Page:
GSK Diabetes Drug Receives FDA Approval As Initial Therapy
Posted July 11, 2006
RESEARCH TRIANGLE PARK, N.C. — Avandamet, a diabetes drug from
, can now be used as an initial treatment for type 2 diabetes.
GSK said Tuesday that it had received Food and Drug Administration approval for Avandamet to be prescribed as an first-line treatment in conjunction with diet and exercise. Avandamet was approved in 2002 as a second-line therapy, or given when an initial therapy failed or stopped working.
The drug combines two agents, rosiglitazone, an insulin sensitizer, and metformin, a leading diabetes therapy, to help patients control their blood sugar.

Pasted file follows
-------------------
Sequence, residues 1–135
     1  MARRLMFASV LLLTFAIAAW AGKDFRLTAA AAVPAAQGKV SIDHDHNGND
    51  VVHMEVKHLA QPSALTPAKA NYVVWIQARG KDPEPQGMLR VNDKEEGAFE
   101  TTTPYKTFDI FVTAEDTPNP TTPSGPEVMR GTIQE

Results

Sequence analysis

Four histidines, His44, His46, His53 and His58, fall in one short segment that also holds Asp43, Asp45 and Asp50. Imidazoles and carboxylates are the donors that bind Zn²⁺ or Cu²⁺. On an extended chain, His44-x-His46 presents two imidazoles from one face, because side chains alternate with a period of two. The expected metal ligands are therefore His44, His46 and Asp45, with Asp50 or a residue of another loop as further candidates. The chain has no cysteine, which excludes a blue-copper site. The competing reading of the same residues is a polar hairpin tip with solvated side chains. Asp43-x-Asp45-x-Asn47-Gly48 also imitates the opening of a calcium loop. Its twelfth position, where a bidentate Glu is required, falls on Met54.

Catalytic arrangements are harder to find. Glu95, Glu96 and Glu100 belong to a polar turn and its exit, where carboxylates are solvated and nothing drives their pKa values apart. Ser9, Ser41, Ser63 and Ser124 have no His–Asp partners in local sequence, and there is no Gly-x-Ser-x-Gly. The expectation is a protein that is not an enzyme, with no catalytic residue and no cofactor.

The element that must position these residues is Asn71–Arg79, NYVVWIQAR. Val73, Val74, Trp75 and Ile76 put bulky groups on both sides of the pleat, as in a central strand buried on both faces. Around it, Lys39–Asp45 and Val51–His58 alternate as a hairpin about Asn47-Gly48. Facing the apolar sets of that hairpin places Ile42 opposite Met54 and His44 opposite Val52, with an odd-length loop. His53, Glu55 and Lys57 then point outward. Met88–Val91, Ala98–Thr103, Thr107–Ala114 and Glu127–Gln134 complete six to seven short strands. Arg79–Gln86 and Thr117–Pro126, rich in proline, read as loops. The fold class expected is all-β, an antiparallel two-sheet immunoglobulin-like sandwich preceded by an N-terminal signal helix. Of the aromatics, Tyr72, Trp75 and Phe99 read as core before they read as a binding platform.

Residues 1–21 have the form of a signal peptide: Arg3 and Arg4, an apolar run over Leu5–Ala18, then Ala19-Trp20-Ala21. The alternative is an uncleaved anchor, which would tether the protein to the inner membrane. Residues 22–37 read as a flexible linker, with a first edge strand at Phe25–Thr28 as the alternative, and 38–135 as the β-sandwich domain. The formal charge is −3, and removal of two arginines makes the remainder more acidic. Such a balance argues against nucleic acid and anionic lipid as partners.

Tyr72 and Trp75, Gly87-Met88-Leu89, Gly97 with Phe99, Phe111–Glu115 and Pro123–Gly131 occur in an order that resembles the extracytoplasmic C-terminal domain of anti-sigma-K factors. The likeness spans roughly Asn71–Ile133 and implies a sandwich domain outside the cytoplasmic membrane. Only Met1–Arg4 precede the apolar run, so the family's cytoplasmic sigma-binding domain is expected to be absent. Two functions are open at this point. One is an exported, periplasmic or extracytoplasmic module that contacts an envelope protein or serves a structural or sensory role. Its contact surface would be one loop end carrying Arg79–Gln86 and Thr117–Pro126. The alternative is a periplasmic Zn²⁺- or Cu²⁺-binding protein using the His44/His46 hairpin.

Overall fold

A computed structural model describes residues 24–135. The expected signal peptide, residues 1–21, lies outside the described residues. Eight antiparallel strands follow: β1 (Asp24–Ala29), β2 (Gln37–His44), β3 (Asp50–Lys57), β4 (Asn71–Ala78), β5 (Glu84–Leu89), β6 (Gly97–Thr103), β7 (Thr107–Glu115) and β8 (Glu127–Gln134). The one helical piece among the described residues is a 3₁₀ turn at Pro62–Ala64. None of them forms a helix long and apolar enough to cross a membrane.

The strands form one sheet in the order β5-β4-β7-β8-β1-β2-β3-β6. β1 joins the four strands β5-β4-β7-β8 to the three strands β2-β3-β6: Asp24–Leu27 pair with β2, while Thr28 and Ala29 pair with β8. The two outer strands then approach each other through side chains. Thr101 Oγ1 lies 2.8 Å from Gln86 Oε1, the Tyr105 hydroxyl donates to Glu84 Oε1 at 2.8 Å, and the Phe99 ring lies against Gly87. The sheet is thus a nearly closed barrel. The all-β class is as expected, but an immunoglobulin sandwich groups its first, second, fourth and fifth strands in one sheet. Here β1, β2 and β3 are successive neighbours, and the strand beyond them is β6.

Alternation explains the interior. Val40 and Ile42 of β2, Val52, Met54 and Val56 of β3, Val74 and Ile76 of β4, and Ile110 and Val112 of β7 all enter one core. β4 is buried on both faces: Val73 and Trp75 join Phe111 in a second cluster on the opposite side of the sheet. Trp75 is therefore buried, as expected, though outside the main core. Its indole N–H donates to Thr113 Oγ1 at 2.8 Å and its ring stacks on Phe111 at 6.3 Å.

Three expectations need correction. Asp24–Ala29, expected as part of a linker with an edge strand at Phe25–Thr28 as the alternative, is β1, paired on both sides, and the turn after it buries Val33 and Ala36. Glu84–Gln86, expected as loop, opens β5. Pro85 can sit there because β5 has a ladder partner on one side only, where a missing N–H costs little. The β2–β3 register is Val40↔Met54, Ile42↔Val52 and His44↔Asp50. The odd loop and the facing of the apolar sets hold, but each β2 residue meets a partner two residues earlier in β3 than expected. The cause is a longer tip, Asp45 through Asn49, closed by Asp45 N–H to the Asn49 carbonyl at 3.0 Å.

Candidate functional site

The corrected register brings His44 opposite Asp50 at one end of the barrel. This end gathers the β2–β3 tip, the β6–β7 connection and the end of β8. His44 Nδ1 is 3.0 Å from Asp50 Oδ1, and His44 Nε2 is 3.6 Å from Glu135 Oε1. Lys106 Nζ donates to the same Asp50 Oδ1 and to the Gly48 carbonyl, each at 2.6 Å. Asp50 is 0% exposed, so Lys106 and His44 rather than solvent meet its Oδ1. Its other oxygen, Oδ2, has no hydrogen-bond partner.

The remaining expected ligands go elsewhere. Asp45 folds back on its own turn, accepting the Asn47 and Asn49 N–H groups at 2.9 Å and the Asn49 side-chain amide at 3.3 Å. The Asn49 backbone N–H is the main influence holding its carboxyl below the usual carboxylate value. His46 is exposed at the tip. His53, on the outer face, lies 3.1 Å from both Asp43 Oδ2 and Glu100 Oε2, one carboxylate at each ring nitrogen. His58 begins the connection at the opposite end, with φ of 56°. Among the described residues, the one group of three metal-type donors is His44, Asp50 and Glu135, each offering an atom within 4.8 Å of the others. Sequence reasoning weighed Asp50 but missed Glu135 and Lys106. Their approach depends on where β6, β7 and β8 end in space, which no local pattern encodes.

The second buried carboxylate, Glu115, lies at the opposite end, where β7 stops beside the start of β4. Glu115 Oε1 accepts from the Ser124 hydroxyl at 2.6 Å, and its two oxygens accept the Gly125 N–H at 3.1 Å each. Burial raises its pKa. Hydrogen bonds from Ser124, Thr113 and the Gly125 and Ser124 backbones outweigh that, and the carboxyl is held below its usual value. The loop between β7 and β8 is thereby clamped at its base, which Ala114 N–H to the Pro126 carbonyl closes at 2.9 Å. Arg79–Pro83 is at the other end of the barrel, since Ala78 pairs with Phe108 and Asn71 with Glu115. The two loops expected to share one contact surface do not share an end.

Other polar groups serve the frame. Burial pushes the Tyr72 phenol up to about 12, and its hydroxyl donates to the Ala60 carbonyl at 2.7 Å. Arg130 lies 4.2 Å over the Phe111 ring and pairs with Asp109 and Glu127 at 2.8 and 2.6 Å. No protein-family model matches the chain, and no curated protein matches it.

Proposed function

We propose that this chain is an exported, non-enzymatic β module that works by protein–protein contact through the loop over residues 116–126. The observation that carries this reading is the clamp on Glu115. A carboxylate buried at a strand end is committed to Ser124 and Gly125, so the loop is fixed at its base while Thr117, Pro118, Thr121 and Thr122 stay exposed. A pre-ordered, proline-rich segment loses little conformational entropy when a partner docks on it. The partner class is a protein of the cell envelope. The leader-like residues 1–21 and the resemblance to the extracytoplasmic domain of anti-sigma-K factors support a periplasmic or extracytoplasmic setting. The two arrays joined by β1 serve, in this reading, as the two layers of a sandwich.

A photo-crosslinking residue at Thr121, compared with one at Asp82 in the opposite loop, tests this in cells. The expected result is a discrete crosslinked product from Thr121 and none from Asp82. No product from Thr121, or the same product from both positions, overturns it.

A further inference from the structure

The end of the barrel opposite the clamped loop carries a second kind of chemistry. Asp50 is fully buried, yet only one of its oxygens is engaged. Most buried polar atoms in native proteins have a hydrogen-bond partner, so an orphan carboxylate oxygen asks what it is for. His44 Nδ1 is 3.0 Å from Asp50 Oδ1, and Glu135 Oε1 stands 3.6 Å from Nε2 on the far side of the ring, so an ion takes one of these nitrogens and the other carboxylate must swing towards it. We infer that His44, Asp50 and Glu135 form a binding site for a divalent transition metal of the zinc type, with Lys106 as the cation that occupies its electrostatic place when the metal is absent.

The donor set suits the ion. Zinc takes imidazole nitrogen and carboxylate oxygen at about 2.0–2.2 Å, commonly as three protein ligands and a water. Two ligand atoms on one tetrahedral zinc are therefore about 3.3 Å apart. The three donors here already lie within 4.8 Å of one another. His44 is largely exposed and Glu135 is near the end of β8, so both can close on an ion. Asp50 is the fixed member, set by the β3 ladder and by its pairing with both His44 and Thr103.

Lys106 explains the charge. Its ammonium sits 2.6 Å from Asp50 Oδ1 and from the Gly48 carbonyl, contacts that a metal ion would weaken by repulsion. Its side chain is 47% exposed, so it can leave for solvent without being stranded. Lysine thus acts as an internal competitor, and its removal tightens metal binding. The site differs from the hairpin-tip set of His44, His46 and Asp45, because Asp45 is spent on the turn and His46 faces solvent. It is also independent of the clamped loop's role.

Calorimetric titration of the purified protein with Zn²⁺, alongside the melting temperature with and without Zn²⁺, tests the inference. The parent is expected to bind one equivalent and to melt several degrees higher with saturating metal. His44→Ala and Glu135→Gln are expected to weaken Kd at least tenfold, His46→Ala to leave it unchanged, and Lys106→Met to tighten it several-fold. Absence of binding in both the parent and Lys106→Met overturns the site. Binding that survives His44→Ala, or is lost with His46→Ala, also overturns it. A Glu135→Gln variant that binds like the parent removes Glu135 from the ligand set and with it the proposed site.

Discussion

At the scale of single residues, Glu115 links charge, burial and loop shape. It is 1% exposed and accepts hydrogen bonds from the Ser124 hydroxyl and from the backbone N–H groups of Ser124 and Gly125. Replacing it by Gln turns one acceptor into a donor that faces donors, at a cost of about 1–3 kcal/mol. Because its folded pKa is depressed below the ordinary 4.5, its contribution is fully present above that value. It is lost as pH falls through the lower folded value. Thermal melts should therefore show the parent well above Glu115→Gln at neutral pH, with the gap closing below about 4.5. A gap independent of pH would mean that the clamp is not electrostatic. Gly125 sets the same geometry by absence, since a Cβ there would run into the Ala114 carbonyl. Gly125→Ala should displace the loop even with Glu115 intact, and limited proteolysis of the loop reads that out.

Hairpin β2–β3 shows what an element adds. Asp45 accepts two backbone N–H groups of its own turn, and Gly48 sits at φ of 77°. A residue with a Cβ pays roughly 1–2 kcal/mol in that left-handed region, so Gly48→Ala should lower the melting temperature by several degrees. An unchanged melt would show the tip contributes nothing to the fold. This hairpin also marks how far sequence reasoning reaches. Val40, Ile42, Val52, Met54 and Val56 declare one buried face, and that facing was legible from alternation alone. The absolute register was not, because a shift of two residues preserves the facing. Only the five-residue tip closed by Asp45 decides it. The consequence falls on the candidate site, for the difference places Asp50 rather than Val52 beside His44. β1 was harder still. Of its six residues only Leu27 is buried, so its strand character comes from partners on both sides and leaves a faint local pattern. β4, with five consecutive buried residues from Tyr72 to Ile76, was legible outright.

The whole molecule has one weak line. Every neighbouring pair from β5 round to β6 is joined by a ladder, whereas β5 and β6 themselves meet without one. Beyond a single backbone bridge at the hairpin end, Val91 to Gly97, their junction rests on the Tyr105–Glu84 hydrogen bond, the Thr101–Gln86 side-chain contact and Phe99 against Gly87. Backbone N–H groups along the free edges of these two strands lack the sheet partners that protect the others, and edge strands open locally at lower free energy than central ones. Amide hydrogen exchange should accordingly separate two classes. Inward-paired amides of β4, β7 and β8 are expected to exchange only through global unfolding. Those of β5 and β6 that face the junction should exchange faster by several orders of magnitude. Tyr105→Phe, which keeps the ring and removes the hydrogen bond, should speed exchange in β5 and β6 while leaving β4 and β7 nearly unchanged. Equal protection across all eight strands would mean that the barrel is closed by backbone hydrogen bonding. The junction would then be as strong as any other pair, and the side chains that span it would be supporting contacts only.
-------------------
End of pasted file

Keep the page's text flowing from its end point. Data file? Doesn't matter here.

Some 20 million Americans suffer from diabetes, and type 2 is the most common, afflicting between 90-95 percent of those diagnosed, National Institute of Health figures show. Type 2 diabetes is characterized by high blood glucose levels caused by either a lack of insulin or the body's inability to use insulin efficiently, according to the American Diabetes Association.
"GlaxoSmithKline is committed to developing diabetes therapies to treat a disease that has reached epidemic proportions in the United States and throughout the world," said Anne Phillips, vice president of Clinical for North America Cardiovascular-Metabolic at GSK, in a statement. "With the approval of Avandamet for use as initial therapy as an adjunct to diet and exercise, GSK offers this effective and convenient option now for initial treatment of type 2 diabetes. This combination of rosiglitazone and metformin can help patients get their blood sugar under control."